Startups will likely also have more difficulty determining a fair market value to grant equity in the business to investors and make attractive offer packages for new hires. These more complicated payment arrangements require the expertise of an accountant to ensure all federal regulations are being met to keep the business in good standing.
Furthermore, startups that have not yet determined how they will recognize revenue in a way that works with their business model will find enlisting the help of a professional accountant especially valuable. Service providers, in particular, should utilize a third-party accountant to oversee their contracts in order to find an advantageous revenue recognition model.
Success for startups is contingent upon being aware of these kinds of unique accounting considerations and actively managing them on a day-to-day basis.
Cash Flow Management
Cash is the lifeblood of any startup. Without cash a startup will fail no matter how sound the concept, which is why accounting functions should ruthlessly prioritize cash flow management. Tax planning should be geared towards retaining as much cash as possible right away to give the startup the funds it needs to invest in employees, equipment, technology, raw goods, marketing, and everything else needed to get the business of the ground. Additionally, an accountant should ensure that forecasting, budgeting, and spending are working together to keep cash in the business for as long as possible.
Startups are prone to giving equity to owners, partners, and investors to get the business off the ground. However, granting equity has significant tax implications, so entrepreneurs should consult with an accountant to understand these elements before issuing equity. Working with a professional can help business owners to follow the most advantageous path to granting equity, as well as meet all applicable requirements while doing so.
Startups often rely on creative compensation tactics like granting stock, warrants, and convertible debt to attract top talent into key business roles. Additional compensation tactics allow startups to compete with larger, more established competitors.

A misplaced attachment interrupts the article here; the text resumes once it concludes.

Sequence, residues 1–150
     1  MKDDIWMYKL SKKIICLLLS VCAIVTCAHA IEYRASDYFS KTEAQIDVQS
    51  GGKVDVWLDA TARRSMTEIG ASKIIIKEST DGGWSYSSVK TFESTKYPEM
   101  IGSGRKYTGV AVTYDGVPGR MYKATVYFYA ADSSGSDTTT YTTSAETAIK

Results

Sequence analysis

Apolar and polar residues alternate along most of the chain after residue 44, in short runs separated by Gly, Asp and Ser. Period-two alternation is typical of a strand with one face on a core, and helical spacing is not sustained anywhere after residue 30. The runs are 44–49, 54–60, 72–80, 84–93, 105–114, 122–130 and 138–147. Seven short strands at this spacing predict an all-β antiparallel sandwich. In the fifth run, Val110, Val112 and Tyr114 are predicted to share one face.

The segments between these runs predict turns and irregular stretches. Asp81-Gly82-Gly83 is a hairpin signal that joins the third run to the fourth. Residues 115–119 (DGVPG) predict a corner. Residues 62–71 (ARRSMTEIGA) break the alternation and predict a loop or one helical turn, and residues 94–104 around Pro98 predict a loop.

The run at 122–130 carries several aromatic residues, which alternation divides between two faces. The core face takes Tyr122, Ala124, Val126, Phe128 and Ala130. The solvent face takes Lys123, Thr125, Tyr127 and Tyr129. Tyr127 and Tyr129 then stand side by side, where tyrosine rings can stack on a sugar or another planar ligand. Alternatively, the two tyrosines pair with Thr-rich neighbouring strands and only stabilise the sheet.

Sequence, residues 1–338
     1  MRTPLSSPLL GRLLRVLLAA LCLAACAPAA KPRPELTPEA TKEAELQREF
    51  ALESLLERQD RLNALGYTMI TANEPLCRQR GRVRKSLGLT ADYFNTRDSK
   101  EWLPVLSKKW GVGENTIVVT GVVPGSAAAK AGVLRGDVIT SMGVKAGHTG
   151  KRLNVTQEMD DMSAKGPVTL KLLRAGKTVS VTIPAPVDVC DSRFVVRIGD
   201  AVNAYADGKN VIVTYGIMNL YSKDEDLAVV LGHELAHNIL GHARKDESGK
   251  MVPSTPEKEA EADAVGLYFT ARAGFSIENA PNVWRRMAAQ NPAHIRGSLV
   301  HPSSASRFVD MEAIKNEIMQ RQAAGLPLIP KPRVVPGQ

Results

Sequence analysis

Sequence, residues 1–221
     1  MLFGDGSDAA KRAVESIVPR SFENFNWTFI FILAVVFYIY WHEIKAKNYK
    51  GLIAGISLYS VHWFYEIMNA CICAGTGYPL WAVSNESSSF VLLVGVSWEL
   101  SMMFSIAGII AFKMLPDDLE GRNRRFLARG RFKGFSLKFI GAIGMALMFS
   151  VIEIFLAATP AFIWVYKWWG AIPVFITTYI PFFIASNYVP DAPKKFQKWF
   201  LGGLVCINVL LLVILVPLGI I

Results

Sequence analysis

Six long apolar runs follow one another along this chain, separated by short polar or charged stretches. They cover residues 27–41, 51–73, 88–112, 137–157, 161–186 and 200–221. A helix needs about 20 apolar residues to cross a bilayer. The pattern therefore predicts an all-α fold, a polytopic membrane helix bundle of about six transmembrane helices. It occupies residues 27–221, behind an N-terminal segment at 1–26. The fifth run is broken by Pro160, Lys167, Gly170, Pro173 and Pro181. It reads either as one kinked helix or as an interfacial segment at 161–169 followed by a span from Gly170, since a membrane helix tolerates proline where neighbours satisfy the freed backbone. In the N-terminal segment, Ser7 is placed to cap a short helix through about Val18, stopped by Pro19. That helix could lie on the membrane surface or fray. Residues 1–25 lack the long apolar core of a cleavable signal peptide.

All companies hope to recognize revenue as quickly as possible, but this is vital for startups that are looking to secure funding or bring on investors because it makes the business look less risky. However, startups tend to get tripped up by revenue recognition more frequently than established businesses because they are more likely to engage in creative business deals to bring in early revenue. Creative sales strategies may include product discounts, longer payment terms, or increased support offerings.
For revenue to be recognized it must be earned and then realized. Typically, this means there is an agreed upon contract with fixed pricing, all obligations related to the sale have been fulfilled, and the ability to collect payment is reasonably likely. However, post-contract support and digital delivery can complicate accurate revenue recognition.
Startups that are seeking funding, looking to go public, or are the potential target of an acquisition or merger will have due diligence done on them. An experienced accountant can keep balance sheets, cash flow statements, P&L statements, and statements of shareholders’ equity in order to prepare for close inspection from potential investors. If additional information is requested during this process, an accountant can procure these items as well as help negotiate terms of a potential deal.
Whether you are in in the beginning stages of planning or well into a startup project, take a moment to contact Eric or Todd. The Accounting Solutions Partners team is very enthusiastic about supporting startups and understand the excitement of possibilities while staying practical with the accounting practices.
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